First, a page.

In western society in particular, bats get a bad rap. Some say it is because bats are nocturnal, creatures of the night, and part of the “dark side” because they go into damp, dark places, make no noise, and are mysterious. Whatever the reasons, misconceptions and superstitions surround bats, especially in western society, fostering fear, and even panic. Simply put, humans too often fear what we don’t know and are all too ready to declare the unknown as “evil.” Wildly exaggerated rumors, such as the common misconception that bats are rabid, abound. Or that they are some sort of flying rodent, or closely related to rodents, when they are actually more closely related to primates than rodents.
Last week, on October 28, I was standing in the Wrightwood Branch of the San Bernardino County Library, admiring the images and figures of bats hanging from the ceiling as part of the Halloween decorations when I found the book, America’s Neighborhood Bats: Understanding and Learning to Live in Harmony with Them by Merlin D. Tuttle (University of Texas Press) on a Friends of the Library sale shelf. I snatched it up. This beautifully produced book with full color photographs, intended to educate the general public about bats, won the Conservation Education Award by the Wildlife Society. The author, Tuttle, is the founder and science director of Bat Conservation International in Austin, Texas.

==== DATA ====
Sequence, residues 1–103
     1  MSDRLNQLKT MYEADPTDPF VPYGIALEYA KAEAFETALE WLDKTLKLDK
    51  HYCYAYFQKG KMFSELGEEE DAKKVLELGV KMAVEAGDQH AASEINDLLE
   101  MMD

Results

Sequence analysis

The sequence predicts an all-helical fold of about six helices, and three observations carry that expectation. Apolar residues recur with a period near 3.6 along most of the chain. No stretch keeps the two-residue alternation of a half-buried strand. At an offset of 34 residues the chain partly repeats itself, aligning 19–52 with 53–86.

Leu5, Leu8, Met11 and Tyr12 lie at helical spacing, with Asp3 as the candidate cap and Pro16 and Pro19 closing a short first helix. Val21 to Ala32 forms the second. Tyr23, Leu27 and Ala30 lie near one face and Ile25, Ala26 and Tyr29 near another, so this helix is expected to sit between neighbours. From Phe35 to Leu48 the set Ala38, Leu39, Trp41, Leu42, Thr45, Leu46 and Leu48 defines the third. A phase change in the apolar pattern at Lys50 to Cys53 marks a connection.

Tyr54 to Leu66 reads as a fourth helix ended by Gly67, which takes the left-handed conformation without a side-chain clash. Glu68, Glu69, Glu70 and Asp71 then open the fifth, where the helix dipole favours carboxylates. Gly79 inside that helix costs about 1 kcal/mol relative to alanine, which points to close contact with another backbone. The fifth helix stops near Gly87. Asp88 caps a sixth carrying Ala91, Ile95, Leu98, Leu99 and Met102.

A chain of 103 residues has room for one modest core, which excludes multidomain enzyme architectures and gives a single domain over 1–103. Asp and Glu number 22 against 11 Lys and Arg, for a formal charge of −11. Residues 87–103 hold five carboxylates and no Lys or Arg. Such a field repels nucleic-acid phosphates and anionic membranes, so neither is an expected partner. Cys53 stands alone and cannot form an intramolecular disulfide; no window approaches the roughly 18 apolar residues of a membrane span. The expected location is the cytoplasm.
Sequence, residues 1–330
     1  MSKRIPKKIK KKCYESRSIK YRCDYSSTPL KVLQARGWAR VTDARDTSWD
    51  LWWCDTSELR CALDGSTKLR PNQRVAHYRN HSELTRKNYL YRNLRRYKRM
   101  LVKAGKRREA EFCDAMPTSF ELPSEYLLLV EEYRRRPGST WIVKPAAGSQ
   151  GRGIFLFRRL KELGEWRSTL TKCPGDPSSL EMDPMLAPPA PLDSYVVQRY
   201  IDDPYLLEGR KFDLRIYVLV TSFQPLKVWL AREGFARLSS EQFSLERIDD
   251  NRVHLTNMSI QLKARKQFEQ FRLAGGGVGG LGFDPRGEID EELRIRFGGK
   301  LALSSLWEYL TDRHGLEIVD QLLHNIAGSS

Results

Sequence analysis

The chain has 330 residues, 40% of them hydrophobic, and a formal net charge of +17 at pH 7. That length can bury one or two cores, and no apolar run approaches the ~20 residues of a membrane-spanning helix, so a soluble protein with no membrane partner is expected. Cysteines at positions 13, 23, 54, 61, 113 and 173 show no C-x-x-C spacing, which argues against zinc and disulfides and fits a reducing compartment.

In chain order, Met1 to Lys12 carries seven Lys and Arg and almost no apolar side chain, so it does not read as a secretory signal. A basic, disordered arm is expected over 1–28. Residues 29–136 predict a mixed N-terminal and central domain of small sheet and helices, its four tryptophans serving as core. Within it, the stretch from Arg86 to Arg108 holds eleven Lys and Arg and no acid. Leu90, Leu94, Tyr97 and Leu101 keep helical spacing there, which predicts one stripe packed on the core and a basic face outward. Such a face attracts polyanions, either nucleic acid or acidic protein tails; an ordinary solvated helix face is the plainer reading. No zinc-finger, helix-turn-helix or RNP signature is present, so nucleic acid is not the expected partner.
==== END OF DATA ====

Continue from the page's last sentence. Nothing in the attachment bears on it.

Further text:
Once home, I read it in one sitting. Soon I realized I should have been sipping a margarita or tequila sunrise while reading.
Yep, heads up tequila drinkers! Without bats there would be no tequila! Tuttle reveals, “agave plants, from which tequila is produced, are so dependent on bats for pollination that without them, the probability of successful seed production drops to one three-thousandth of normal.”
In light of the astonishing information I learned about bats, I thought it might be fun to briefly recount a few bat facts here:
- Bat fossils have been found that are approximately 50 million years old, and today’s bats closely resemble those ancient bats.
- Bats are mammals: the only flying mammals at that. Bats account for one-quarter of all mammal species. Scientists have placed them in their own group, Chiroptera, which means “hand-wing.”
- There are nearly a thousand species of bats that come in a fascinating array of appearances.